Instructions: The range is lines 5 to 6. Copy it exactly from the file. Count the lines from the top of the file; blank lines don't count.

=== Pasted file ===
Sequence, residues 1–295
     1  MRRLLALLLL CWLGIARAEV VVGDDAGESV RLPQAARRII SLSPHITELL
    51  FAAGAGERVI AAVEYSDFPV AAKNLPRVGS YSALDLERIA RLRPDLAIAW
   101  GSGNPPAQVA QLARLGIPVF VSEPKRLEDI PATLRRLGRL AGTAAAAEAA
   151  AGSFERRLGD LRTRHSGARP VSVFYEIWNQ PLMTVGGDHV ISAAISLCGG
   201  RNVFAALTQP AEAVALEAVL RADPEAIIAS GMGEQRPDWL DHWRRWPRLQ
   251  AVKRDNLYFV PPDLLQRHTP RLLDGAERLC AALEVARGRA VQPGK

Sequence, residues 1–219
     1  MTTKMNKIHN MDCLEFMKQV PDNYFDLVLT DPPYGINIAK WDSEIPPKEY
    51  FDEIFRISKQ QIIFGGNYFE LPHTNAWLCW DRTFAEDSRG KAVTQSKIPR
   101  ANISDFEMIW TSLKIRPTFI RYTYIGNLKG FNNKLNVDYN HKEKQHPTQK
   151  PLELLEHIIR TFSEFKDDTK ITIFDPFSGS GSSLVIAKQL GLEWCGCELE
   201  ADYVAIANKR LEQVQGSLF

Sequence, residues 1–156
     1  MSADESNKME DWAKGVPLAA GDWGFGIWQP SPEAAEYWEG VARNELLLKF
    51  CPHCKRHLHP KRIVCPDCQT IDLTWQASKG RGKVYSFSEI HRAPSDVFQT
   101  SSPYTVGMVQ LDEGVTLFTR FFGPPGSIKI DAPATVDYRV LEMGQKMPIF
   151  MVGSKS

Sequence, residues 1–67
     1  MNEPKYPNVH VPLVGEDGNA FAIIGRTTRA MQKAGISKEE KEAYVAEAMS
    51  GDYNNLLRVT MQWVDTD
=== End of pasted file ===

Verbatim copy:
   151  AGSFERRLGD LRTRHSGARP VSVFYEIWNQ PLMTVGGDHV ISAAISLCGG
   201  RNVFAALTQP AEAVALEAVL RADPEAIIAS GMGEQRPDWL DHWRRWPRLQ